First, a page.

Today, the Federal Bureau of Investigation released its semi-annual report on crime in the United States covering the six months before I became New To Seattle last summer. It’s always fun to paw through the city-by-city stats, even more so since that’s something the FBI says it doesn’t want you to do:
Comparisons lead to simplistic and/or incomplete analyses that often create misleading perceptions adversely affecting communities and their residents. Valid assessments are possible only with careful study and analysis of the range of unique conditions affecting each local law enforcement jurisdiction.
Okay, I plead guilty to not having a degree in criminology or sociology or anything that might qualify me to go on a TV talk show and pontificate about the problems of society. But that doesn’t mean I can’t peruse the numbers, maybe discern some patterns and provide my two cents. After all, like you, I helped pay for the stats.
So here’s what I did. Since Seattle has a population of 609,000 and cities are different than suburbs or rural areas, I looked at all the reporting cities with populations between 400,000 and 800,000. You know, a peer group. That puts Seattle right in the middle. I found 25 such cities, ranging from Omaha (pop. 409,000) to Austin, Tex. (790,000).
My conclusion: Seattle is a lot easier on people than property.
According to the feds, in the January-to-June reporting period, there were 1,660 violent crimes against humans. That’s the heavy stuff like murder, forcible rape, robbery and aggravated assault. But on raw numbers (the feds didn’t calculate crimes per 100,000 rates) with the most crimes as No. 1, Seattle fell in the bottom two-fifths of its peer group (15th out of 25). And no city in this sample had fewer than Seattle’s four reported murders. Certainly not Detroit, with 173, the other Washington with 55, or Memphis with 53. Not even Denver (11) or Portland, Ore. (10) .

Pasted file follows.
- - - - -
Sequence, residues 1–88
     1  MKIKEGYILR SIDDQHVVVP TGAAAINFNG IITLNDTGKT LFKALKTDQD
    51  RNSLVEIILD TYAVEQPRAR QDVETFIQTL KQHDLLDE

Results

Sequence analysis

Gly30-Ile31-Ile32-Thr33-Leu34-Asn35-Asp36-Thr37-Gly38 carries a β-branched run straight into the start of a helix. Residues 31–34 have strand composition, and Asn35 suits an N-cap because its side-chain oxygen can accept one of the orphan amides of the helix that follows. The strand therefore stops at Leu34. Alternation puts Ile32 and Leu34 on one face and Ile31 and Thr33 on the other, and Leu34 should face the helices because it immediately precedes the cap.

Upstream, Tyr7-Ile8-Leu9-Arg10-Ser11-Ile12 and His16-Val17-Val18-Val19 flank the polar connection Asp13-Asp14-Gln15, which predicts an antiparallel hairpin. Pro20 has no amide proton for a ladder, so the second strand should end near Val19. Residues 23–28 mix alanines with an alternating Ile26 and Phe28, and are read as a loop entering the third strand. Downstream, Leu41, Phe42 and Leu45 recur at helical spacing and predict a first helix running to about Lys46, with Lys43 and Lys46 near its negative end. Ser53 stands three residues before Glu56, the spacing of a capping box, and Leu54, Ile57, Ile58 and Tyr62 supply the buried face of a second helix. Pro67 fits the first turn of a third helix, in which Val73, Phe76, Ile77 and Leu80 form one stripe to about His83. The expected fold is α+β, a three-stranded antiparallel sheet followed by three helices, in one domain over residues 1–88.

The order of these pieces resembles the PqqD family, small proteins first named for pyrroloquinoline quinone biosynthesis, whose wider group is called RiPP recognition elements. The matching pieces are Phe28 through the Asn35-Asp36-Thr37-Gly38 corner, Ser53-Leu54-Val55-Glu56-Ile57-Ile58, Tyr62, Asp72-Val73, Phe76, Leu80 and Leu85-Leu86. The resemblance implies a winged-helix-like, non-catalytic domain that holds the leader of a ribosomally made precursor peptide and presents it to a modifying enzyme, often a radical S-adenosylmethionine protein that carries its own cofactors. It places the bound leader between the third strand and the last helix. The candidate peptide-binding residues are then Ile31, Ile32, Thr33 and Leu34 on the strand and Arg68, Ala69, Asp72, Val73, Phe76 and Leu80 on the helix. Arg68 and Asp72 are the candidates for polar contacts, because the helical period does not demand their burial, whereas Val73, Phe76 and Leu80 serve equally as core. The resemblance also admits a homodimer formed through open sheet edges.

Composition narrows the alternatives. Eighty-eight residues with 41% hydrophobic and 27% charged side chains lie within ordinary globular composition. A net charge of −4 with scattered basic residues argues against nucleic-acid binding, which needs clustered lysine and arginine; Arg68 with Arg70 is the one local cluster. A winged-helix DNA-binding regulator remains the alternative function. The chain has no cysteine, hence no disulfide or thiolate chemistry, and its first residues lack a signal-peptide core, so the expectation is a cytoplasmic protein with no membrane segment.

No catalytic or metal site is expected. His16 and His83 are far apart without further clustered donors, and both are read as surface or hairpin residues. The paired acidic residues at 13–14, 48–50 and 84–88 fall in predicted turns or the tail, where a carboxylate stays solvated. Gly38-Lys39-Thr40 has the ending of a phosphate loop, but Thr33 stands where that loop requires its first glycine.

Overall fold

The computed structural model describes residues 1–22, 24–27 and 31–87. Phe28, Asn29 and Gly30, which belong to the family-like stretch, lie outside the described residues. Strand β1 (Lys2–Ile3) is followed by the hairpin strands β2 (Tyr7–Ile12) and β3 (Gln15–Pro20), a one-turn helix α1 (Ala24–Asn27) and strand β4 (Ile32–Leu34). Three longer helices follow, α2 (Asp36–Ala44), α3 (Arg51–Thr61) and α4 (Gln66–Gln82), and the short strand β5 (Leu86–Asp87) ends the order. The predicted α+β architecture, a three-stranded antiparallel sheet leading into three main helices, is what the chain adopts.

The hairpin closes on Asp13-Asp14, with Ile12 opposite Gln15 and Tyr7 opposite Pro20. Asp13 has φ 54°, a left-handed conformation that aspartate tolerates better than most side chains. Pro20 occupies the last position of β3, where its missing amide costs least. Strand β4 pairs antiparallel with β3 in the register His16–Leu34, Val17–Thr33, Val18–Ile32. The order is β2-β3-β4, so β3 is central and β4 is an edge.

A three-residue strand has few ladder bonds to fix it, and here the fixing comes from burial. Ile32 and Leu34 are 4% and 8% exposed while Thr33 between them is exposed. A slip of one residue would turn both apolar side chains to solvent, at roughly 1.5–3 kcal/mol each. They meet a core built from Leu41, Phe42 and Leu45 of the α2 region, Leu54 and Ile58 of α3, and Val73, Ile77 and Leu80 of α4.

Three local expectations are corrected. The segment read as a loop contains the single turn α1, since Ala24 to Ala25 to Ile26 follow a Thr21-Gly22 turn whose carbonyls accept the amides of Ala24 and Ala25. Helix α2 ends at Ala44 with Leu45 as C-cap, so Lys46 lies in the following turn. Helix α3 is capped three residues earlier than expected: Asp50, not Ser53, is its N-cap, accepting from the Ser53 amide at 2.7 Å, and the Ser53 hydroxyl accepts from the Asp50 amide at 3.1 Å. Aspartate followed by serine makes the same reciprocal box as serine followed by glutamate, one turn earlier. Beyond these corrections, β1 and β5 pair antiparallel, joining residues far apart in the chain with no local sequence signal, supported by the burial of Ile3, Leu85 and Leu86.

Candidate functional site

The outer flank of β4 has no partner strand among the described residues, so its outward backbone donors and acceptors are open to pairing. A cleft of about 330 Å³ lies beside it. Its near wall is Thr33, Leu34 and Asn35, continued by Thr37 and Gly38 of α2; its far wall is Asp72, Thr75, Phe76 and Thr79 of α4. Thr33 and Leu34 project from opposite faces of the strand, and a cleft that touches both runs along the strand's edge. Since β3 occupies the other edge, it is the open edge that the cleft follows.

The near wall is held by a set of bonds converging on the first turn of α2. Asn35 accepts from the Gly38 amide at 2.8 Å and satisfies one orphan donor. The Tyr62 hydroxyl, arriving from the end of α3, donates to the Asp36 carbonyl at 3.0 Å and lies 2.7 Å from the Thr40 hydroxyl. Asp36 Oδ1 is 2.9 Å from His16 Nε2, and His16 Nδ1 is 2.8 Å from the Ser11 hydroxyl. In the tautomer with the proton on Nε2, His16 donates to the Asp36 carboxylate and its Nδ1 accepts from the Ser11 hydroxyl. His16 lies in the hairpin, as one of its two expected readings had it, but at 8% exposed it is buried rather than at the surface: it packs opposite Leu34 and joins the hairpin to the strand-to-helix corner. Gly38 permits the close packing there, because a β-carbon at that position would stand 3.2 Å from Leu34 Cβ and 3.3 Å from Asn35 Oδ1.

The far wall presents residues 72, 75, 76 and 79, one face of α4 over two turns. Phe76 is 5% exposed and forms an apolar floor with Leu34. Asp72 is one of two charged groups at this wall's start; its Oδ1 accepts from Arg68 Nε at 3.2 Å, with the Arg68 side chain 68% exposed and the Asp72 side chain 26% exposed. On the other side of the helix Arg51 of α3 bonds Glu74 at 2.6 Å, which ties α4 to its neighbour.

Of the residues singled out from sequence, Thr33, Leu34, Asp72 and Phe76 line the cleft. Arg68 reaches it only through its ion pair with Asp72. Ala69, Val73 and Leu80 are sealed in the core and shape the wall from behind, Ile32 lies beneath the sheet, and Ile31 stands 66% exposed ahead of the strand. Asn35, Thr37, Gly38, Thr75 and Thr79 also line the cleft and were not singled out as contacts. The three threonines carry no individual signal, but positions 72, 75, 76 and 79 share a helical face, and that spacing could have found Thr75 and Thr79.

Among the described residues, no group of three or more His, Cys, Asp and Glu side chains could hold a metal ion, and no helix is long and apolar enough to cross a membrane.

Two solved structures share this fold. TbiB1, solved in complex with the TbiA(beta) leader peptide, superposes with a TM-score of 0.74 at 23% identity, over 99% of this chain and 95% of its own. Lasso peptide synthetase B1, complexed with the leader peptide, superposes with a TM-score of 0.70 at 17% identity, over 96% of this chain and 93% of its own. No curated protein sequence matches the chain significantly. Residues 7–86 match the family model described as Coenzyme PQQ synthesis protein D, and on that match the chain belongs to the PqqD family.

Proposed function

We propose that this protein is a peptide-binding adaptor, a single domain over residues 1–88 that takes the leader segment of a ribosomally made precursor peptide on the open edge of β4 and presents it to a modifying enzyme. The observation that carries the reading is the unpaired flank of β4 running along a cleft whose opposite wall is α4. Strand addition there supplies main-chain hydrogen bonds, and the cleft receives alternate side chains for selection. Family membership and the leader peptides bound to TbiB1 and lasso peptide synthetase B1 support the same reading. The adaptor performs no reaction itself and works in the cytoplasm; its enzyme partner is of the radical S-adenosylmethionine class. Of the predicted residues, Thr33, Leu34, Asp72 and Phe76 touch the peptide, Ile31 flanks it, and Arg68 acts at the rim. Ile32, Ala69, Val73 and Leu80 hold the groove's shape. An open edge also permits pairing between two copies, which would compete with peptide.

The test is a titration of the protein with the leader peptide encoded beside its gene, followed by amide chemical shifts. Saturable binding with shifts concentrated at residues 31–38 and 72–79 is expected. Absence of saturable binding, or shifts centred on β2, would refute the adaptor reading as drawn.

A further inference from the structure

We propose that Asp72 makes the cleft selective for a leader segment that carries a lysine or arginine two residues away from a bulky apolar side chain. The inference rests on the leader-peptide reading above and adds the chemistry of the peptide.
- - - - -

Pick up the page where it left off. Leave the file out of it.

But it’s a different story when it comes to offenses involving something that doesn’t have a beating heart. Seattle reported 15,216 property crimes–burglary, larceny, theft, motor vehicle snatchings and arson. That puts the city in the top 30% of the peer group (No. 7 of 25, if you must be exact). Of the six cities closest in population to Seattle, your possessions are considerably safer in five of them (Denver, Portland, Ore.; Nashville, Milwaukee and even the other Washington) and more at risk in only one (Oklahoma City).
Putting aside the tough economic conditions, one possible explanation for this dichotomy is my perception that the folks of Seattle are not as friendly as those in some of the many other places in which I’ve lived during the past 40 years. Here they sort of try to avoid one another. This might spill over to that segment of the population which happens to walk on the wrong side of the law. Even in that realm it requires a higher degree of human interaction to assault and rob a pedestrian than, say, burgle an empty home. The latter event entails no personal contact at all.
Anyway, that’s my analysis. The FBI can come for me now.